On appeal from the Superior Court of New Jersey, Law Division, Monmouth County, Docket No. L-1250-04.
NOT FOR PUBLICATION WITHOUT THE APPROVAL OF THE APPELLATE DIVISION
Before Judges Stern, A.A. Rodríguez and C.S. Fisher.
All the defendants to this fraud action obtained summary judgment. After careful consideration of the issues on appeal, we affirm the summary judgment entered in favor of defendants E.M.N. Express Mortgage Nationwide, Inc. (EMN) and its employees, Anabela Ribeiro, Jamal Abu-Diab and Guy Henry (EMN and these individual defendants are sometimes collectively referred to herein as "the EMN defendants"), but reverse the summary judgment entered in favor of defendants Tom Cherichelo and Leonardo Casiero. We also reject plaintiff's argument that the judge erred in denying one of his discovery motions.
In reviewing an order granting summary judgment, we apply the same standard that trial judges must apply. Prudential Prop. & Cas. Ins. Co. v. Boylan, 307 N.J. Super. 162, 167 (App. Div. 1998). This standard requires that we consider whether the evidential material presented on the motion, when viewed in the light most favorable to the opponent, is sufficient to allow a rational factfinder to render a verdict in favor of the motion's opponent. Brill v. Guardian Life Ins. Co. of Am., 142 N.J. 520, 540 (1995). In other words, "when the evidence 'is so one-sided that one party must prevail as a matter of law,' the trial court should not hesitate to grant summary judgment," but when the evidential material reveals a genuine dispute about a material fact, then summary judgment is precluded. Ibid. (quoting Anderson v. Liberty Lobby, Inc., 477 U.S. 242, 252, 106 S.Ct. 2505, 2512, 91 L.Ed. 2d 202, 214 (1986)). Viewing plaintiff's allegations in the light most favorable to him, we must assume the truth of the following set of circumstances.
Plaintiff had a long-standing interest in purchasing a particular parcel of real property in Aberdeen. On occasions during the ten years preceding the events in question, plaintiff indicated to the owner his willingness to purchase the property for $250,000. This offer was eventually accepted sometime in 2001. Although the complaint indicates that a copy of the contract was attached as an exhibit, we have been unable to locate it in the record on appeal even though numerous copies of the complaint are included in the parties' appendices.*fn1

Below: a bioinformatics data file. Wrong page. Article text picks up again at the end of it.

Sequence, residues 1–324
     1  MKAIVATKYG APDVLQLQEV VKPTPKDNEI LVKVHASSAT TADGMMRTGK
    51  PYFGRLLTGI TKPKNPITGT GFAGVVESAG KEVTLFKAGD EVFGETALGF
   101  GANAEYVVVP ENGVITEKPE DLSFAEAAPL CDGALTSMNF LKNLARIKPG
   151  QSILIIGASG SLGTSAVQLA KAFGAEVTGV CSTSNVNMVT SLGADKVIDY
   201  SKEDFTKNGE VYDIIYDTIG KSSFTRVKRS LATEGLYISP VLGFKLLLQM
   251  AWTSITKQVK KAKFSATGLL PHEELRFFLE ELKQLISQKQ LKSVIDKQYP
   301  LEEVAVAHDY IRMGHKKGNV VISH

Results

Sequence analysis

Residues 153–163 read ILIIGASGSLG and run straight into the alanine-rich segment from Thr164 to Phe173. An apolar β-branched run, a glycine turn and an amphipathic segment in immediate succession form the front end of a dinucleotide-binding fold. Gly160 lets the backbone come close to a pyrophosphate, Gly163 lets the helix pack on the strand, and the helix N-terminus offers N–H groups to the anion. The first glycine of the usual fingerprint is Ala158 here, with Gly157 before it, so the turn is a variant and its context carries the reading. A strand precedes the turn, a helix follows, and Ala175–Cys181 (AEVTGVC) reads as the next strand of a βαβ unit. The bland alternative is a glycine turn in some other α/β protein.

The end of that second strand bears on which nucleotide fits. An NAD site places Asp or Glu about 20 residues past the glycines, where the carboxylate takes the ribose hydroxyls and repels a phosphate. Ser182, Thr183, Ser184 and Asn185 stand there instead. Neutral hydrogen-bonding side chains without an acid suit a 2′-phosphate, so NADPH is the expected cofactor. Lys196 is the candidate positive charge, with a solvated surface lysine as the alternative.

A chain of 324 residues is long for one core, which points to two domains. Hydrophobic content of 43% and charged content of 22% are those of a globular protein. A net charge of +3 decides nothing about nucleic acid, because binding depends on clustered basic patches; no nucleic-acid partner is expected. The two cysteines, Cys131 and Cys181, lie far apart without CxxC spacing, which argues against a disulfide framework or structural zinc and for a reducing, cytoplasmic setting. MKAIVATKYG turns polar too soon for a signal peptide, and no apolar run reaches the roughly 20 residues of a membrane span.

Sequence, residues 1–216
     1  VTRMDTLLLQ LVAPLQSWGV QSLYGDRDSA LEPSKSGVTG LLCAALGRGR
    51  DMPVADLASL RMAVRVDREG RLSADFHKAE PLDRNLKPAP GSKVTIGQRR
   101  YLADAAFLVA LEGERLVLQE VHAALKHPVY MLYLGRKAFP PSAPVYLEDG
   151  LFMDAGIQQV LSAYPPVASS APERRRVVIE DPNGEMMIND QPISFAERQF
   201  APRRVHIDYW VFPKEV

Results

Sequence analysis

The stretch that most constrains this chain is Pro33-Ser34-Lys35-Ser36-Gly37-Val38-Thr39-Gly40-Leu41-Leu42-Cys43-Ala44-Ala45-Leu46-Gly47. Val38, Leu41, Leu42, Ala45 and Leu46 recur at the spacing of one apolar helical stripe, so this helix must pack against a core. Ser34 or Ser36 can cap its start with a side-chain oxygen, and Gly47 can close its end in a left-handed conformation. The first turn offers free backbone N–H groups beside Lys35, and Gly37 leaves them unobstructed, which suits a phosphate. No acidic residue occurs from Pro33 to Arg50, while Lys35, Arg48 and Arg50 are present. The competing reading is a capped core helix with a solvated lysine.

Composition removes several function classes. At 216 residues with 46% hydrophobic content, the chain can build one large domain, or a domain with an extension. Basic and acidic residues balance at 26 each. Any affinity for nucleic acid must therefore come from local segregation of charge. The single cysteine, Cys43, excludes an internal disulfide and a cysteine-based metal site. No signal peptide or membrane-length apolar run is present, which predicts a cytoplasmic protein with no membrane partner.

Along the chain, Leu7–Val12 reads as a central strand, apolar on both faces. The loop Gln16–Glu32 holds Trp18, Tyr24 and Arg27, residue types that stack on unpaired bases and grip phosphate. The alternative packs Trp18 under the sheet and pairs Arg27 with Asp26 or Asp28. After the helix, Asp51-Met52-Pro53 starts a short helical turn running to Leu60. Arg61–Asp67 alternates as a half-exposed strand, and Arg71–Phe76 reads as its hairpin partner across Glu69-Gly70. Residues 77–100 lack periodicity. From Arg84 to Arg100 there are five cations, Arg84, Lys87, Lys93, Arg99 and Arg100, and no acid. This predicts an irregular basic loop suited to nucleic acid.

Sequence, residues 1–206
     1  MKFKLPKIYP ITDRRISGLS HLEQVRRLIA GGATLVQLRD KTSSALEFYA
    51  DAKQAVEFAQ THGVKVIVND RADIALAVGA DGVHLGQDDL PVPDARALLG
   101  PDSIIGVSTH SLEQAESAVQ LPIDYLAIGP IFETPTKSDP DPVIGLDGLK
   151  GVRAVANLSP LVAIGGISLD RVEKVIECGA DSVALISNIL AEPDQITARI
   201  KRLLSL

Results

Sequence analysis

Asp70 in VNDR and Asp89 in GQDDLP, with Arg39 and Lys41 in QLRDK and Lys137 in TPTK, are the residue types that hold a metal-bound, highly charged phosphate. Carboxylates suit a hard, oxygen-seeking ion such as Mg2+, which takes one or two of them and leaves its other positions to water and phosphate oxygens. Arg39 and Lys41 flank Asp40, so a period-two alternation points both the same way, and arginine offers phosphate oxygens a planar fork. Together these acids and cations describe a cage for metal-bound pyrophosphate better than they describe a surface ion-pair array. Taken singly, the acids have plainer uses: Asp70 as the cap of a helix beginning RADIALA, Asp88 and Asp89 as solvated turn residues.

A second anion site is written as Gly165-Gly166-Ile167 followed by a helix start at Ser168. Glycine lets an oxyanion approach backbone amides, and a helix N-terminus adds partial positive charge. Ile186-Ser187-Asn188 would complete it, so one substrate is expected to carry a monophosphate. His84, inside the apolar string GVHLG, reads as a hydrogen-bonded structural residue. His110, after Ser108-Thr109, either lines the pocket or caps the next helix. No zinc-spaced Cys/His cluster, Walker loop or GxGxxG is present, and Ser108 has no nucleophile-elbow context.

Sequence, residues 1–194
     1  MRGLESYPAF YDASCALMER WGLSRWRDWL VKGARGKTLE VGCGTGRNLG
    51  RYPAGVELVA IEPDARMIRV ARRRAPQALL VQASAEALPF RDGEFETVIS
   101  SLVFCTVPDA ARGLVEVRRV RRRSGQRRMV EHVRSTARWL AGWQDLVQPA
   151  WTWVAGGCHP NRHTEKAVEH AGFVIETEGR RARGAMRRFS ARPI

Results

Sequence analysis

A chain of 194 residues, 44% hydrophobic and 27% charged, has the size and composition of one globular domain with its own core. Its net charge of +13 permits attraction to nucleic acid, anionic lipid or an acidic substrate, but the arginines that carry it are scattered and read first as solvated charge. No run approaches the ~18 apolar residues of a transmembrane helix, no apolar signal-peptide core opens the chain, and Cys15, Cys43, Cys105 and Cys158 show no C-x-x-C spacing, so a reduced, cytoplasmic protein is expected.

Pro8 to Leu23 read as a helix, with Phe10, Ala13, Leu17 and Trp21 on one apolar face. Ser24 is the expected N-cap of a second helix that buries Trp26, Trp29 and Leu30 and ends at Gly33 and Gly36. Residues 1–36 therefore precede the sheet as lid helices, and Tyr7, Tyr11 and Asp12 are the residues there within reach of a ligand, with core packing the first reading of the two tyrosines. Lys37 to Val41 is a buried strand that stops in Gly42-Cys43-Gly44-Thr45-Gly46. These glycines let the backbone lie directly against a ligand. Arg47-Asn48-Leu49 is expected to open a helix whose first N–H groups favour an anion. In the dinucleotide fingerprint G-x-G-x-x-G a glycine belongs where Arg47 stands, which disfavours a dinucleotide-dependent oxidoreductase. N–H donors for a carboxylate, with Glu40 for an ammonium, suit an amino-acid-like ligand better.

Having obtained a contract to purchase the property, plaintiff considered obtaining a Small Business Administration (SBA) loan. Plaintiff discussed this with defendant Abu-Dian, an EMN representative, and applied through EMN for a $400,000 SBA loan. As part of the process, which he never completed, plaintiff provided a $5,290 deposit to EMN.
At some point, plaintiff advised a friend -- defendant Cherichelo -- about his purchase. Later, while plaintiff was storing equipment in the structure on the property in question, defendants Cherichelo and Casiero appeared and began looking around. According to plaintiff, Cherichelo indicated that he liked the property and wanted to become plaintiff's partner. Plaintiff declined. In a subsequent conversation, Cherichelo asked plaintiff to allow him to finance the purchase because he thought he could earn greater interest on his money by making a loan to plaintiff. Plaintiff at first balked because he had already deposited funds with EMN regarding the SBA loan but, when assured by his attorney that EMN would return the funds, plaintiff agreed to allow Cherichelo to finance the purchase. Plaintiff prepared a written memorandum for his and Chirchelo's signature in this regard, and plaintiff's counsel advised the seller that plaintiff was waiving the contract's mortgage contingency. EMN returned the deposit to plaintiff, retaining only the $350 application fee.
The memorandum prepared by plaintiff, which outlined the terms of Chirichelo's alleged oral agreement, was never signed.*fn2
And, shortly before the scheduled closing of March 8, 2002, plaintiff lost contact with Cherichelo. Cherichelo gave what plaintiff alleged were bogus excuses for not meeting with him and failed to return plaintiff's telephone calls. As a result, plaintiff was unable to close, and the property was sold to Chirichelo's friend, defendant Casiero.
Plaintiff commenced this action for damages, asserting defendants' participation in this alleged scheme. After a period of discovery, defendants successfully moved for summary judgment.
Plaintiff appealed, arguing that the trial judge erroneously granted summary judgment, and that his right to discovery was inappropriately limited. We find insufficient merit in plaintiff's arguments regarding the summary judgment entered in favor of the EMN defendants to warrant discussion in a written opinion. R. 2:11-3(e)(1)(E). However, we reverse the orders of summary judgment entered in favor of Cherichelo and Casiero.
In explaining the basis for our ruling, we first need to describe what this case is and is not about. Contrary to the arguments of Cherichelo and Casiero, plaintiff's claim does not turn on the application of the statute of frauds. It turns ...